You may be familiar with the Glavin Family Chapel on campus and its two walls of beautiful stained glass. But you may not know the walls were fabricated by Babson alumna Maria Serpentino ’78, P’05, and her husband, Roberto Rosa, of their family-owned business, Serpentino Stained Glass Studio.
The studio fabricates new windows and restores old ones for places such as libraries, town halls, theaters, colleges, and, of course, houses of worship. A successful conservation project saves as much of the original as possible, which is difficult when dealing with artwork that has been exposed to the elements. Few firms do the work that her company does, says Serpentino. “We often collaborate with preservationists and historians.”
One notable project involved duplicating a historic Charles J. Connick stained-glass window for a University of Tennessee, Knoxville sorority. Because the sorority was not given permission to move the original into their new house, the studio made an exact replica using photographs and architectural measurements.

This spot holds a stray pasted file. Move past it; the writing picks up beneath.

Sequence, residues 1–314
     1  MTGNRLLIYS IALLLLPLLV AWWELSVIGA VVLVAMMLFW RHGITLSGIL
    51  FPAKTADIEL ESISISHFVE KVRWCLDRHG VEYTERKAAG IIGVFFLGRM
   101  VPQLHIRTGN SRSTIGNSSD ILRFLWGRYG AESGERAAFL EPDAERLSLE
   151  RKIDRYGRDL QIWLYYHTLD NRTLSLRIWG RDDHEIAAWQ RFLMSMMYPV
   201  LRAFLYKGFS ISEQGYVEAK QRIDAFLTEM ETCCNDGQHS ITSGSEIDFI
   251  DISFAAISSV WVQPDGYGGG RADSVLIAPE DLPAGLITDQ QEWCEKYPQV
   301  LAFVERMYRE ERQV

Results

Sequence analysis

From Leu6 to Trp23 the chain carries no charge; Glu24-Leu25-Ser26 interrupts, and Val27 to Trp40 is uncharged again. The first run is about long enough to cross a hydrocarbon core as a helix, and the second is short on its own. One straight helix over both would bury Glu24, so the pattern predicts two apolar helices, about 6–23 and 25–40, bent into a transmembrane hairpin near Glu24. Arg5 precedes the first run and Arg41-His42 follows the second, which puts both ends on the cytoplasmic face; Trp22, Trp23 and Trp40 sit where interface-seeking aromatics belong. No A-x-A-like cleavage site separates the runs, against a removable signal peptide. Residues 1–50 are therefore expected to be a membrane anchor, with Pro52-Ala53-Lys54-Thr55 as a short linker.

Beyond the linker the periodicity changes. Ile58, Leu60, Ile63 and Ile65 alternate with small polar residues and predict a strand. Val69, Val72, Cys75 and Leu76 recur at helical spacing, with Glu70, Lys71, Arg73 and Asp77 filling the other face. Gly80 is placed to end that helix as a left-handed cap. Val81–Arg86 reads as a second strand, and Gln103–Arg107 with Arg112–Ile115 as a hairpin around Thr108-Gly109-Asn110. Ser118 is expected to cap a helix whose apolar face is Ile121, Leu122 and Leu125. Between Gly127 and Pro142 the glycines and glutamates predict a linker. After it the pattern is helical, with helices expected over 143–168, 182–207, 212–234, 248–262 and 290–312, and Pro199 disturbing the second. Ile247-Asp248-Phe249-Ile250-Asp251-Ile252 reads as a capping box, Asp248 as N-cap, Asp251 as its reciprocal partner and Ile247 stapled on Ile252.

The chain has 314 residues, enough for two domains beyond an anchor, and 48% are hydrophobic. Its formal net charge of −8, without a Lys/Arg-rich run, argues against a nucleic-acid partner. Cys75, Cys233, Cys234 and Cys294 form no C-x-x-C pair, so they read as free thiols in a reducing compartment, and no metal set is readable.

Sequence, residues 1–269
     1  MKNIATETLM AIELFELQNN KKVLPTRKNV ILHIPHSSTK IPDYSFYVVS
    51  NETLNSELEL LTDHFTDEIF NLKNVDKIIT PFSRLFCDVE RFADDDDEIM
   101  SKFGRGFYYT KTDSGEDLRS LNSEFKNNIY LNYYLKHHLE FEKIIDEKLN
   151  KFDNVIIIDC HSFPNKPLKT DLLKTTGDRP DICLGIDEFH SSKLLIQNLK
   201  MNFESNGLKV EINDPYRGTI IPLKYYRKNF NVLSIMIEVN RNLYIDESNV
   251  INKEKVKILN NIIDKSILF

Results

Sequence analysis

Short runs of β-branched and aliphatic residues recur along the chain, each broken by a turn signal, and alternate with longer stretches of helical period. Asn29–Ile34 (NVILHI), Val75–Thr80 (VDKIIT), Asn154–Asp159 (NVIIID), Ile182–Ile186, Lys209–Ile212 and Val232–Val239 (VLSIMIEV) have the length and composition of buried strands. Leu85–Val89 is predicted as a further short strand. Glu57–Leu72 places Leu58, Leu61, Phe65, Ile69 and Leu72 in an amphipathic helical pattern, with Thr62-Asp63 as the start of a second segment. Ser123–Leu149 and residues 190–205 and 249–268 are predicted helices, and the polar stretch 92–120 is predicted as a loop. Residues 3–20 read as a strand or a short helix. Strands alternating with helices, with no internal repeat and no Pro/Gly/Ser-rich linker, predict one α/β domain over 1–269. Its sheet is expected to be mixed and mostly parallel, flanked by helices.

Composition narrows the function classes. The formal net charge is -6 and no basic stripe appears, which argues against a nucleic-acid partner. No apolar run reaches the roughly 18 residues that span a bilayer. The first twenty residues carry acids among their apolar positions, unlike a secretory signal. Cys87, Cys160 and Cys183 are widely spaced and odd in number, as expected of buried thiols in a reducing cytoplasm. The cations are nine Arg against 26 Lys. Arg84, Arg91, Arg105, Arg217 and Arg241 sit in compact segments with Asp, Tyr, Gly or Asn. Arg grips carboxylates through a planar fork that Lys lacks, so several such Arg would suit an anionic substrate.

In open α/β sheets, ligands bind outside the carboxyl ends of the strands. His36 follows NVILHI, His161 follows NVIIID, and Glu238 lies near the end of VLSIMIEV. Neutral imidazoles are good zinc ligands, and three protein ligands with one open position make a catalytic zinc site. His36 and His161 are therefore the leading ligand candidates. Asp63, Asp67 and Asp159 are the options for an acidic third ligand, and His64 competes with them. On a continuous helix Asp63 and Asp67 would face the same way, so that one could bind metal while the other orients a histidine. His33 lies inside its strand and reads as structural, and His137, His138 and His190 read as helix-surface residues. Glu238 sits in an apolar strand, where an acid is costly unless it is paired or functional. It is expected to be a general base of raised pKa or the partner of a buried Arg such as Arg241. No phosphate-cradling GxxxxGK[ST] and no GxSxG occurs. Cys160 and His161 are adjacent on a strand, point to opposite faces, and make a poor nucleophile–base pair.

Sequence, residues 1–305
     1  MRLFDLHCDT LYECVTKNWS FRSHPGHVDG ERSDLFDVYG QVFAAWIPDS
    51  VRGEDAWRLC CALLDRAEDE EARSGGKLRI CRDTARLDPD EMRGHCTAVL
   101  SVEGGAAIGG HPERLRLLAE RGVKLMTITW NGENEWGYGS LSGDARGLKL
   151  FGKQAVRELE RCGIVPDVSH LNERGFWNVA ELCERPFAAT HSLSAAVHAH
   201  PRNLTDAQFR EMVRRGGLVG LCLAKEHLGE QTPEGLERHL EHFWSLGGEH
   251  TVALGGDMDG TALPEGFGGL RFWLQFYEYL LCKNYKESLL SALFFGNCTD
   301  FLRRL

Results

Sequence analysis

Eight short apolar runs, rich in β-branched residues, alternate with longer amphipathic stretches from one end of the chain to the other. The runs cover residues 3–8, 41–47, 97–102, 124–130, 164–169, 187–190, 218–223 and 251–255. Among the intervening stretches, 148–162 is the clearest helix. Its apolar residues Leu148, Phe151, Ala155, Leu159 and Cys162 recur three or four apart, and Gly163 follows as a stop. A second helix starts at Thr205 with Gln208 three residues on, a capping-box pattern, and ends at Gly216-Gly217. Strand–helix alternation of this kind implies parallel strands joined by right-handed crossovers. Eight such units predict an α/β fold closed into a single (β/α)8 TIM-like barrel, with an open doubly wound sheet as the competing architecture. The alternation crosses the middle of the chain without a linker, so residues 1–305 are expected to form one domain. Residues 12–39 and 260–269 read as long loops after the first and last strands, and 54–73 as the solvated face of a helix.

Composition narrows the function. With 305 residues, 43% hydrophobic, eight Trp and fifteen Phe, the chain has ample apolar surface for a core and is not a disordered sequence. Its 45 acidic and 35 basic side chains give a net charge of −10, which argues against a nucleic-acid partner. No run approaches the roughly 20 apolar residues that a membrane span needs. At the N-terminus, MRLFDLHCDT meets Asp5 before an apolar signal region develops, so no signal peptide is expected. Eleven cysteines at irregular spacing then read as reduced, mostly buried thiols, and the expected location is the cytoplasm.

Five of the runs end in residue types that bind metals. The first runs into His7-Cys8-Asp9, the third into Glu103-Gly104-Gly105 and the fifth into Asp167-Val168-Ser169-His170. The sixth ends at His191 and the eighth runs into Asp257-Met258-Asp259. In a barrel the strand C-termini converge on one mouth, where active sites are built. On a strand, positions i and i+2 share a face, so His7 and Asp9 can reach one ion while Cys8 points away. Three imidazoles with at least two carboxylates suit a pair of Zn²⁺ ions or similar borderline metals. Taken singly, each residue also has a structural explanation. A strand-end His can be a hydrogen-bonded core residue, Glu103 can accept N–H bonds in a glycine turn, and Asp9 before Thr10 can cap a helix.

So far, Serpentino’s favorite project was restoring 13 opalescent stained-glass windows created in the late 1800s by American artist John La Farge. Among them, the window depicting St. John the Evangelist (shown here) proved the most difficult. “Besides conserving and retaining more than 85 percent of the lead matrix and repairing the cracked glass, the biggest challenge was St. John’s painted face,” says Serpentino. “Our stained-glass painter, Matthew Fallon, restored life to a part of the face that had completely deteriorated.”
But the best part of the La Farge project, says Serpentino, “was that the clients appreciated the artistry of the glass and the importance of its historical value.” All 13 windows are in Salve Regina University’s new Our Lady of Mercy Chapel, which was designed specifically with the windows in mind.